Career development

Building a Dynamic Career: An Interview With Clay Neff, President of Chevron Africa and Latin America Exploration and Production

The Way Ahead spoke with Clay Neff on a number of topics, including his personal experiences, the E&P business environment, as well as his advice to young professionals.


Clay Neff is president of Chevron Africa and Latin America Exploration and Production Company, a position he has held since January 2017. He is responsible for Chevron’s oil and gas exploration and production (E&P) activities in both regions.

Before his current position, Neff was managing director of Chevron’s Nigeria/Mid-Africa business unit. Previously, Neff was part of Chevron’s Southern Africa strategic business unit, initially as Production Operations manager, and later as Asset Development general manager. He has also held a number of management roles with Chevron in North America.

Neff joined Chevron in 1985 as a drilling engineer for the Gulf of Mexico business unit in Lafayette, Louisiana, after earning a bachelor’s degree in petroleum engineering from Louisiana State University.

The Way Ahead spoke with Clay Neff on a number of topics, including his personal experiences, the E&P business environment, as well as his advice to young professionals.

You started your career 35 years ago with Chevron as a drilling engineer. Since then, you have held several positions of increasing responsibility. What would you say is the formula to a successful career?

There are two fundamental things to having a successful career. First, commit yourself to excellence. Be the best you can be in the role you are in. While it is important to plan your career development, the key is to focus on performing at the highest level and deliver results in your current role.

The other key element is to be flexible and open to different opportunities that could expand your professional horizons. Being flexible helps expand your avenues for growth and it gives you insights into other possibilities that you might not be aware of for career advancement.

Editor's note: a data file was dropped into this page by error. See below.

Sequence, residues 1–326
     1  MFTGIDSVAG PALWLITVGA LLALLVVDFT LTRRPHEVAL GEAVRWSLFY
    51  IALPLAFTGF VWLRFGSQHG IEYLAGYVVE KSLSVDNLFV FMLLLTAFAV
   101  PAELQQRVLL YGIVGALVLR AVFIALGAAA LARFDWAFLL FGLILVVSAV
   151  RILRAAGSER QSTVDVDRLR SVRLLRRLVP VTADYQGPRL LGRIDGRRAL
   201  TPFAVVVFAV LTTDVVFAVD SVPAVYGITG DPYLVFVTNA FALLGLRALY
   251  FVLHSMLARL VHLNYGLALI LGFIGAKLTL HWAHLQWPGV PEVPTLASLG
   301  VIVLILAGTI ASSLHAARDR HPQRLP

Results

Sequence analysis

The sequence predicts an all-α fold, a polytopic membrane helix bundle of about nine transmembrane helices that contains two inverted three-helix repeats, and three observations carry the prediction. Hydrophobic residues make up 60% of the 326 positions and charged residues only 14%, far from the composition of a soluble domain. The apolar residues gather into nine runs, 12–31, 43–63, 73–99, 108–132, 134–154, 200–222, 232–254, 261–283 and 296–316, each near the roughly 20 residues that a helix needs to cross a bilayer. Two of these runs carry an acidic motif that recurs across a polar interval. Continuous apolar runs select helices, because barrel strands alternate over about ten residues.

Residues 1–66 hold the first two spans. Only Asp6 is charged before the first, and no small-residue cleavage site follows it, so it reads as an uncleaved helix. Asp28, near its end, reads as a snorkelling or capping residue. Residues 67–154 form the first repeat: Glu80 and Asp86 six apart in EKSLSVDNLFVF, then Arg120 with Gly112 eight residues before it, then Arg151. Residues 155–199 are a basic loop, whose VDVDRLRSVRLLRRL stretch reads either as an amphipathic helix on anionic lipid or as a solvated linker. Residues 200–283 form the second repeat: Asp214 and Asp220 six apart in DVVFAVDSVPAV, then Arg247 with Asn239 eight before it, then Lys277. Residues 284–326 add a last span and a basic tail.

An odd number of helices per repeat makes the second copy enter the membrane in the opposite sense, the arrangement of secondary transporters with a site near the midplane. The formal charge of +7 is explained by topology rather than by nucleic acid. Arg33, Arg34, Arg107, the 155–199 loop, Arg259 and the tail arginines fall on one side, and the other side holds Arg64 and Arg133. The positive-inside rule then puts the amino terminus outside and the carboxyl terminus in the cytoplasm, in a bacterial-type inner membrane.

Over the years, I have been fortunate to work in various roles in petroleum and facilities engineering, operations and the midstream commercial space across the world. Each of these experiences allowed me to grow, which enabled me to take on new and more challenging opportunities.

What is the most important lesson you have learned in your career that you think would benefit young professionals today?

I believe building a strong professional network is extremely important. Building relationships is crucial in today’s world. My advice is to get to know your workmates and proactively seek out your colleagues and mentors early on in your career. It is a good idea to know people outside your work group, company or industry as well.

It is also important to make sure you always treat people with respect, from the most junior to the most senior executive. The oil and gas industry is a close-knit, supportive community. My advice is to start building those relationships early on because you will run into the same people later in your career. Be supportive, respectful, and proactive.

The oil and gas industry is marked by price volatility, and faces a potentially changing energy mix, challenging engineers to think about the long term. How can petroleum engineers become multiskilled professionals with knowledge and experience not just in their traditional fields, but also in big data, artificial intelligence, digitalization, data transformation?

The energy industry is a highly complex industry, and I believe it rewards those individuals who are life-long learners. My advice to young professionals is never lose that hunger for new information and for new ways of doing things. Continuously seeking ways to increase and enhance your skills is fundamental for every engineer to be successful over a long career. This includes on-the-job learning, regular training classes, or maybe going back to school for an additional degree.

Whether it is improving your technical skills or leadership skills, having a desire to learn and to better yourself is fundamental. When I started my career back in 1985, the personal computer was just coming out. Since then, we have seen a complete transformation in how we do our work and the tools available in our field. Digital tools, big data and data analytics, and new yet-to-be-determined technology will become even more critical in our field, and I encourage professionals at all levels to be continuous learners and stay hungry for new knowledge.